G-Cloud sales have jumped by £50m after a spending splurge in May that took total sales through the government framework beyond the £600m milestone.
Public sector spending on cloud services and products through G-Cloud has now reached £639m.
The spending trends seen in previous sales results continued in May with central government still contributing the most spending thorough the cloud procurement framework, and large and small enterprises holding an equal share of those sales.
A breakdown of the sales made by suppliers on G-Cloud showed that the £50m sales hike was driven by deals made with several companies.
Phoenix Software, an SME supplier of software-as-a-service (SaaS), sold £1.6m worth of its services to central government for a VMware enterprise licence agreement deal related to the HS2 high speed rail project.
BAE Systems provided £1.4m worth of specialist cloud services to central government for use in business fleet improvement.
In third place, healthcare SME CSA sold £900,000 worth of infrastructure-as-a-service (IaaS) cloud products to Nottingham University Hospitals NHS Trust.
Meanwhile PwC sold £384,967 worth of its services to the Financial Conduct Authority, a central government organisation.
Another notable deal was the Ministry of Defence spending £262,564 on IaaS from the UK arm of major technology firm CGI. The deal could be an indication of the Ministry pursuing ways to harness cloud computing, something the Army is also keen to explore.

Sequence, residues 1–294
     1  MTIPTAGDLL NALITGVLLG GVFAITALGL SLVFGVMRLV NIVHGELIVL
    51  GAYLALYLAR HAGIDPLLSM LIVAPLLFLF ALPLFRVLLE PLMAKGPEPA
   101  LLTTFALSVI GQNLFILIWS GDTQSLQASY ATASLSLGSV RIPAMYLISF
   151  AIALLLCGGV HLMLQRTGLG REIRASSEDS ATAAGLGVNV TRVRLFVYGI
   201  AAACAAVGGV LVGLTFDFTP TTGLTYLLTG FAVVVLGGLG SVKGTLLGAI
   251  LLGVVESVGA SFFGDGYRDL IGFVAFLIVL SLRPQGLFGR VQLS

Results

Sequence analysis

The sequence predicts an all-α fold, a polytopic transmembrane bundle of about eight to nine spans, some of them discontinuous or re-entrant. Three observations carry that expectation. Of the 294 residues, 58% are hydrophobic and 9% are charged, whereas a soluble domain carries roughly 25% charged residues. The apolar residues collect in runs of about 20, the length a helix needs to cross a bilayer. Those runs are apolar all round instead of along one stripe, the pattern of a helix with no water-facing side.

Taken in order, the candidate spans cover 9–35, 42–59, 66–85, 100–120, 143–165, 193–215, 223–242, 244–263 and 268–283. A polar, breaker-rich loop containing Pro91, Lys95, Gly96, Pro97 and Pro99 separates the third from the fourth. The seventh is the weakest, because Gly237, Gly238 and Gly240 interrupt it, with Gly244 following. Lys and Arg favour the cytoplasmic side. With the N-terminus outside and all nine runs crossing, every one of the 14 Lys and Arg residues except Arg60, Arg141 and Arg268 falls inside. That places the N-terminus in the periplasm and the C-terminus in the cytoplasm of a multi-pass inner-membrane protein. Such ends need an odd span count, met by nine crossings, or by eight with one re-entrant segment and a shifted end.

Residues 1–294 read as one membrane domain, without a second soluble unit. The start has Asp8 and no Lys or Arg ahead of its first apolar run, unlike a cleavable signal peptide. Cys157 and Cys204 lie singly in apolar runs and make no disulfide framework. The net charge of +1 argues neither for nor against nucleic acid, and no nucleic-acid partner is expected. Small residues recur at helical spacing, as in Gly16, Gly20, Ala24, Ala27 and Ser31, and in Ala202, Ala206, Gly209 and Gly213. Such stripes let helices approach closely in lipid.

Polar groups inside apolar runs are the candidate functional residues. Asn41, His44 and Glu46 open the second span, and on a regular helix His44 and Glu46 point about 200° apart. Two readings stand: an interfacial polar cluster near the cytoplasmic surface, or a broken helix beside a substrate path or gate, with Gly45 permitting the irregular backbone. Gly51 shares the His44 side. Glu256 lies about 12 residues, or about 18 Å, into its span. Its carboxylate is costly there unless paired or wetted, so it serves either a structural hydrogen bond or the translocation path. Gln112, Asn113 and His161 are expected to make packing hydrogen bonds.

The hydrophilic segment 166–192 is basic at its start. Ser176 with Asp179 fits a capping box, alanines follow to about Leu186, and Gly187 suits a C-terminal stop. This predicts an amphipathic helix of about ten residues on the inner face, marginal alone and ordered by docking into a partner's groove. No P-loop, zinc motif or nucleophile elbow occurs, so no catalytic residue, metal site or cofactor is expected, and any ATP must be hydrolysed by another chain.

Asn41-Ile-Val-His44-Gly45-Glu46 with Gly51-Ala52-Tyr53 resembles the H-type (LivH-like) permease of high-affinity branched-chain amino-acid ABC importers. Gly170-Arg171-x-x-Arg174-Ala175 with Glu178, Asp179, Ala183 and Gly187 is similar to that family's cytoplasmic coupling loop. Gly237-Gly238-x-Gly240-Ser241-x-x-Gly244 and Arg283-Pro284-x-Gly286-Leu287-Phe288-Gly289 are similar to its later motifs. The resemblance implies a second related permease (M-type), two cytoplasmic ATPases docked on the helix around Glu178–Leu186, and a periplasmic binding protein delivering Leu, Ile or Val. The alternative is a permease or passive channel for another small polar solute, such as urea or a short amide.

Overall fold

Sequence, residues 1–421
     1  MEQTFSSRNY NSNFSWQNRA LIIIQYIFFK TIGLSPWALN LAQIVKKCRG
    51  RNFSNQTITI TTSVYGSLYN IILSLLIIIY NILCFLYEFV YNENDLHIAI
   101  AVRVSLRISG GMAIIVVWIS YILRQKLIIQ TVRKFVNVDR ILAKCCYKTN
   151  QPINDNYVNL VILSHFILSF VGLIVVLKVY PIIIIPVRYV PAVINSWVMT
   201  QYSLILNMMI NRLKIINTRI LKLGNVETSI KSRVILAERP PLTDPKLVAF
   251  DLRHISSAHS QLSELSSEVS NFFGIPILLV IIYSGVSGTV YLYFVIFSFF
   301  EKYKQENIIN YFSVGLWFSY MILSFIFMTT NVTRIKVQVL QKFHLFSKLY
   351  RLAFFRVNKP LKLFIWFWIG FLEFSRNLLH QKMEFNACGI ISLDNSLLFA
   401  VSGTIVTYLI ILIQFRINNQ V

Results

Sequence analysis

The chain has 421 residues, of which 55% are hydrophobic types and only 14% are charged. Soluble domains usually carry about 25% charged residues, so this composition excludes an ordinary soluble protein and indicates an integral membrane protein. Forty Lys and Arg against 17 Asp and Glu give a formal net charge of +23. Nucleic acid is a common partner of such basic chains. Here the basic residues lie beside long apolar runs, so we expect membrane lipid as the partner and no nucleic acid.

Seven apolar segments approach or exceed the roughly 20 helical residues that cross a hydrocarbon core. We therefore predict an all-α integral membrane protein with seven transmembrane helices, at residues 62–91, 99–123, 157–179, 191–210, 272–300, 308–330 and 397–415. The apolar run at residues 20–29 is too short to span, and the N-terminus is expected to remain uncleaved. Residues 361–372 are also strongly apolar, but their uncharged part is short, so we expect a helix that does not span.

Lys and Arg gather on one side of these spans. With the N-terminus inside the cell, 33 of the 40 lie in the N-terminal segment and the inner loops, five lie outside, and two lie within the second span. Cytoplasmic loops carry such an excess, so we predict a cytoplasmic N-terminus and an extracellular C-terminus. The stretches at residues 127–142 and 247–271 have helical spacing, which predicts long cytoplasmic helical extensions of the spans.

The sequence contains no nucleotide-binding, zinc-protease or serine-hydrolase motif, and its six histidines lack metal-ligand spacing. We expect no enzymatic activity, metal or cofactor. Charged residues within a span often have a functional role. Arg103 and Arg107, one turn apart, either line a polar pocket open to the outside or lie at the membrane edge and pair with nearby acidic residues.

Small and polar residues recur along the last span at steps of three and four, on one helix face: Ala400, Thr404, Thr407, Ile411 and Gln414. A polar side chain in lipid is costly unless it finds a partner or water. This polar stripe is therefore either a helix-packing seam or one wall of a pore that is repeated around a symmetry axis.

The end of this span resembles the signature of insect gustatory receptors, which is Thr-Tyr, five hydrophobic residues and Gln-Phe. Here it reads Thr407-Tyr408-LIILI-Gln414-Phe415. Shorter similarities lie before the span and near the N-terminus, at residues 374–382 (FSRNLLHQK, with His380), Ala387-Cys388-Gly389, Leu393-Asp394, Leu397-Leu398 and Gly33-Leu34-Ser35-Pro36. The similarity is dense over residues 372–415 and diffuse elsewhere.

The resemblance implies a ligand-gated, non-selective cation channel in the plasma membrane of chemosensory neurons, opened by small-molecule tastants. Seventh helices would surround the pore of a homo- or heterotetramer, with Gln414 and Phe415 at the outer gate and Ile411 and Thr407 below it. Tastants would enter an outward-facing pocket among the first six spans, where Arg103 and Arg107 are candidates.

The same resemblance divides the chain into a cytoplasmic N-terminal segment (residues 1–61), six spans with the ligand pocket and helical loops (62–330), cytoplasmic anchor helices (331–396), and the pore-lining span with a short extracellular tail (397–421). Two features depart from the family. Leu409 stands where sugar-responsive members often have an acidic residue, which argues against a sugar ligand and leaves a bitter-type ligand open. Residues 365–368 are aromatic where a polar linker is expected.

A breakdown of sales to individual companies showed that the majority of public sector spending appears to be on specialist cloud services, effectively integration and consultancy services that offer advice and prepare organisations for a cloud migration.
Sales of SaaS seem to be in relatively good health, but there has not been significant spending on IaaS or platform-as-a-service offered by cloud vendors and suppliers.
This indicates that the public sector is still hesitant to fully adopt the cloud for IT infrastructure and operations.
Beyond G-Cloud, spending through the government's Digital Marketplace saw total sales rise to just under £18m in May.
Central government contributes 88 percent to the sales pot, but SMEs perform better through the framework than on G-Cloud, having snagged 73 percent or £13m worth of the Digital Marketplace's total sales.
It is likely that healthy doses of spending through G-Cloud and the Digital Marketplace will continue, especially when organisations such as Essex council are exploring cloud adoption.
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